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Structuring Your Novel: Essential Keys for Writing an Outstanding Story (Helping Writers Become Authors Book 3) Kindle Edition
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|Length: 326 pages||Word Wise: Enabled||Enhanced Typesetting: Enabled|
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Top customer reviews
KM Weiland systematically goes through the macro- and micro-structure of the novel. First, she tells us meticulously about the architecture of the three-act plan stories and all the important elements of it, e.g. first plot point, inciting event, climax, resolution. Then, she writes about the structure and dynamics of the scene and the two types scenes and their variations. Finally, she discusses the micro-structure at the level of sentences and the common signs of the clunky prose.
I have started following Katie's blog for writers, Wordplay, years ago and I think I've learned from her most of the techniques described here before I even started reading the book.
"Structuring Your Novel" is a distilled and well-organised digest of dozens of Wordplay blogposts and KM Weiland is definitely the right person to give us her expert opinion. She is a successful historical/speculative fiction writer, so a lot of teaching comes from her own experience.
I congratulate the author with this new brilliant guide for writers, I'm sure it will help many of us become better writers.
He makes the structural parts a novel interesting to learn about, like the characters he tells you to write about, that you should care enough about them to describe them well. He obviously cares about the structural parts of the novel because of the powers they hold, such as propelling the reader forward to want to know what happens next to the characters. Foreshadowing is another structural element that Weiland discusses early in the book.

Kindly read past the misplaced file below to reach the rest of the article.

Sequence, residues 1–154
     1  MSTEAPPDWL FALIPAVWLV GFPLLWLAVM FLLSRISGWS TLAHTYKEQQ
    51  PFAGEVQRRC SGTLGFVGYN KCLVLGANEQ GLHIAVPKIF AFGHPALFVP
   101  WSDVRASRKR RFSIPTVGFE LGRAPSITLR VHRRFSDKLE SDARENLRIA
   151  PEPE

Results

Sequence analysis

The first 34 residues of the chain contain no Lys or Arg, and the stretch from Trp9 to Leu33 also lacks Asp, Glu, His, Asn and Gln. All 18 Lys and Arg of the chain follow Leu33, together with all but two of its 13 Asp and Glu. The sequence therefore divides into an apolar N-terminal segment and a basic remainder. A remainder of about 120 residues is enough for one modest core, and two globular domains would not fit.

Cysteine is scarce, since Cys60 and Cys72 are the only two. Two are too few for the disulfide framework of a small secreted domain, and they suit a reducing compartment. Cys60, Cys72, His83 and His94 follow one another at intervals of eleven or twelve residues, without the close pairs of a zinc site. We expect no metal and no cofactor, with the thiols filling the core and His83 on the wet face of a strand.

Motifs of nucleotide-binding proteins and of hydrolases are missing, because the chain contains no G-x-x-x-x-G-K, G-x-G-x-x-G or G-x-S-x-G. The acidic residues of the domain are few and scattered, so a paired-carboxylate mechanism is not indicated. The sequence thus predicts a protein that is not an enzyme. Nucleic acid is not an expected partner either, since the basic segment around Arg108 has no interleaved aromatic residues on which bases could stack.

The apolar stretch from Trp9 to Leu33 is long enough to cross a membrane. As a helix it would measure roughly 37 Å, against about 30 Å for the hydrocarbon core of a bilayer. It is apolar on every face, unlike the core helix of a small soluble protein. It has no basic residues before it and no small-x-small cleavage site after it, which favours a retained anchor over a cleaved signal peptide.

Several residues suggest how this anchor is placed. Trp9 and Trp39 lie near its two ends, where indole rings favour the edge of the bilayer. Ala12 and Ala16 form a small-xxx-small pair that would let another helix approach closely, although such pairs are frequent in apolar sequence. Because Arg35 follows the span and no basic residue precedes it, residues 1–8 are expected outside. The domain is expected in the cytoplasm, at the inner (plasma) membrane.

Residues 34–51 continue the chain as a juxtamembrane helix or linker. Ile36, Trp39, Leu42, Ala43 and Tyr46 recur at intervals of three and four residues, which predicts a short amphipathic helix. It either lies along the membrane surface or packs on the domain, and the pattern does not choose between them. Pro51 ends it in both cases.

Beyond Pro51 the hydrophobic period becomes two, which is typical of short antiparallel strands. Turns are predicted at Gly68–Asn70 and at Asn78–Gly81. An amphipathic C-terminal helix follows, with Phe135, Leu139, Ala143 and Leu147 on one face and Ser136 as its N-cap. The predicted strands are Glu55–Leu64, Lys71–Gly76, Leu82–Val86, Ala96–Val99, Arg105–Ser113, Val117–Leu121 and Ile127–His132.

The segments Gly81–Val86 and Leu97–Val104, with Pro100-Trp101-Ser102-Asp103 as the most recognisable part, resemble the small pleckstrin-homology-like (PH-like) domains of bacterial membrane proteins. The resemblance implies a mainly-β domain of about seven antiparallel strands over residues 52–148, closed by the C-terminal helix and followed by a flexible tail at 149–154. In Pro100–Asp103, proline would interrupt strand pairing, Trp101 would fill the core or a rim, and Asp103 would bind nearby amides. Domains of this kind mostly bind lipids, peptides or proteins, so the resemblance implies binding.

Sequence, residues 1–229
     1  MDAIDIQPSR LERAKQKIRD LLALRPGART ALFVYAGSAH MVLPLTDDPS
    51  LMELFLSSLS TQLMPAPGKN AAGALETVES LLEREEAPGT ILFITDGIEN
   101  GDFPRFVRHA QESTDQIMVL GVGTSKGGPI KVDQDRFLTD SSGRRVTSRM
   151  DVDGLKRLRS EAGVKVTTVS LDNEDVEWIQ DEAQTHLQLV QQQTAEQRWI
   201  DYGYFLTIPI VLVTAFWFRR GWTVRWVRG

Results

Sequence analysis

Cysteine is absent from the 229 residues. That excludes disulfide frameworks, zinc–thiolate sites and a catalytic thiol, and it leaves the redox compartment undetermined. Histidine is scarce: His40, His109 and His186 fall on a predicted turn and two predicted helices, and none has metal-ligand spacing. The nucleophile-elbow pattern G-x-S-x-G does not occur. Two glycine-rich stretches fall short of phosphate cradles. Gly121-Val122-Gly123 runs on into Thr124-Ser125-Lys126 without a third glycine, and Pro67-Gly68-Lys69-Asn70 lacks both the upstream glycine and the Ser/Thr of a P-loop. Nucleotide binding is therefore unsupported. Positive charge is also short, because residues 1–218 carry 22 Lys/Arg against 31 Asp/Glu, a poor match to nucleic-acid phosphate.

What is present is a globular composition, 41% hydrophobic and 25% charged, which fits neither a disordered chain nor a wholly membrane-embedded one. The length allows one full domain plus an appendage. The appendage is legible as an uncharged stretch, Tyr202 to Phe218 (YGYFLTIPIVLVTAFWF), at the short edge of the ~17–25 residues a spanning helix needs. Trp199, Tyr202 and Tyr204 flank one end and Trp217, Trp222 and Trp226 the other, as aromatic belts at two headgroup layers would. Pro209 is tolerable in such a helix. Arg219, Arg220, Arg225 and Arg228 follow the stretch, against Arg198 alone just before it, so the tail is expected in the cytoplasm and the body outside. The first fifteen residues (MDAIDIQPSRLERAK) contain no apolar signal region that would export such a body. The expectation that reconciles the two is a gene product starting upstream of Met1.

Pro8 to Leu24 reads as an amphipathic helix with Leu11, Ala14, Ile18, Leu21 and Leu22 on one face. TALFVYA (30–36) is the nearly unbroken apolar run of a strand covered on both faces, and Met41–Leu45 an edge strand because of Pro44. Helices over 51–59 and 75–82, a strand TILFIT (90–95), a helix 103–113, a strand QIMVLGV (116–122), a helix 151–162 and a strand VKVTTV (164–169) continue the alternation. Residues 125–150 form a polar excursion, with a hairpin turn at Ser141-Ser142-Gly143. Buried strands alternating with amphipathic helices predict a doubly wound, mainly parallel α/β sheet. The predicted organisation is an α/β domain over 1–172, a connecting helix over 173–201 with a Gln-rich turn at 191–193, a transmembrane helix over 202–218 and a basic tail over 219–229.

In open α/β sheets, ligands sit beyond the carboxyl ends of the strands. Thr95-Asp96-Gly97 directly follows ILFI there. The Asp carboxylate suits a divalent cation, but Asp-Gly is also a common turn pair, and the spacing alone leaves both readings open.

Although I want to race through this book because it is so enjoyable, I am reading it slowly, practicing writing using some of the structural elements as I read about them, and taking notes. If the rest of the book is as good as the first part, then I'm sure it will have been , like finding out who the murderer is in a gripping who-dun-it novel, a satisfying use of my time .
I use a method of writing called 'free writing' which is really the generation of any ideas and putting it on paper, but I get writer's block. This book by Weiland, plus another method of writing called 'object writing' are helping me to get over the block.
I only mention it because it helped me skip a landfill's worth of useless how-to-novel paperbacks and go almost straight to this one. It's the good old tried and true three-act structure, and it's not pretending to be anything secret and revolutionary with a snazzy new name. Just an honest and practical study of a storytelling system that has worked just fine for centuries. Even if you're looking to write fiction that breaks rules, these are the rules you need to know first. It's explained thoroughly and without any of the pretensions of revolutionary genius that so many of these guides have, explaining and illustrating theory without overindulging in its own cleverness. No gimmicks. No secrets cracked. Just useful information. This book is the common workhorse of how-to guides and I can't recommend it highly enough.
The only tripping point for me was that the four examples used to illustrate the theory aren't as universally known as you'd expect. Pride & Prejudice is fair enough, but Ender's Game, Master and Commander and It's a Wonderful Life aren't really works of fiction that stand out prominently in most people's minds, especially non-Americans like me. They probably illustrate the theory perfectly, but something a bit closer to popular consciousness might have been better. Still, minor quibble. Must-have book.